I’d like to start by offering a hearty welcome to all our readers from the NSA and IRS. …
The Wall Street Journal reports that the NSA surveillance dragnet is more extensive than the Obama Administration has let on previously, and is capable of monitoring about 75 percent of Internet traffic.
That’s on top of the telephone monitoring, the PRISM program and any security video monitoring they’ve got going on in that Salt Lake City computer facility.
According to a statement released by the NSA, “NSA’s signals intelligence mission is centered on defeating foreign adversaries who aim to harm the country. We defend the United States from such threats while fiercely working to protect the privacy rights of U.S. persons. It’s not either/or. It’s both.”
That dedication to individual privacy would be a lot more believable if the Obama Administration wasn’t known for actively targeting its political enemies, as when it sicced the IRS on Tea Party and conservative applicants for nonprofit status.
The Administration won’t admit that its leadership is behind such maneuvers, but let’s be realistic. Underlings aren’t going to do that sort of thing without approval of a supervisor, and no government supervisor is going to jeopardize his career by going out on that sort of limb unless he has tacit approval from his own bosses.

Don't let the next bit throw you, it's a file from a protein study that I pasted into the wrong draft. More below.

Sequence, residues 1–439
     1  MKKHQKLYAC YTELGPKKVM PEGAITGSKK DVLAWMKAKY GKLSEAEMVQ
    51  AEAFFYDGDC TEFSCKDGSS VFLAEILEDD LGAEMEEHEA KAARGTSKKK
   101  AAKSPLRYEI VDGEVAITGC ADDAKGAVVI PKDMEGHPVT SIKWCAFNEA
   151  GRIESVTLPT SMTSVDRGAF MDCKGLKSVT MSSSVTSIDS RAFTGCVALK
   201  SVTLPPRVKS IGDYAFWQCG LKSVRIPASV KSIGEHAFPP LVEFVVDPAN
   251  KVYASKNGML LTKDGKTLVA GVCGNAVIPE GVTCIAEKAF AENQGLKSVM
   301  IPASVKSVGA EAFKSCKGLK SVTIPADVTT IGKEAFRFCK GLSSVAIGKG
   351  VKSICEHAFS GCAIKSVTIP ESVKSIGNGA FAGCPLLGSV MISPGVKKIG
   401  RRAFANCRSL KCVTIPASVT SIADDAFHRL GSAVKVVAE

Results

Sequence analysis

It’s the same with the NSA surveillance. Edward Snowden made a strong case about how easy it is to “accidentally” access anyone’s information, and the Administration is known to have pulled the phone records of journalists. There are also stories circulating about the misuse of access to records of political opponents such as Mitt Romney and others.
With that kind of power at its fingertips, does anyone really think it likely that the Obama Administration can resist using it to pressure congressmen on legislation or to gain leverage over state governors?
A recent report said the NSA had broken privacy rules thousands of times and exceeded its authorization to access information.
The NSA systems allegedly use computer filtering to search for keywords and phrases, and to track foreign phone calls coming into or going out of the country. Only if one of those phrases comes up does the communication in question go in front of a human being — so we are told.
As big as the government admits the national surveillance network is, it’s a safe bet that it’s much more extensive. And it’s only going to get bigger when a nationwide network of military drones hits the skies.
The only logical conclusion is that you should assume you no longer have any privacy. And that’s intolerable.
The “for your own safety” excuse has worn mighty thin. Americans need to stand up to the Nazis within their own government and tell them to start dismantling the Gestapo.
If people want so desperately to be safe, they can do it the way Americans did it for decades, by training in and carrying a firearm, and by being vigilant and watching out for your own community.
The government has exceeded its mandate. It needs to be brought to heel.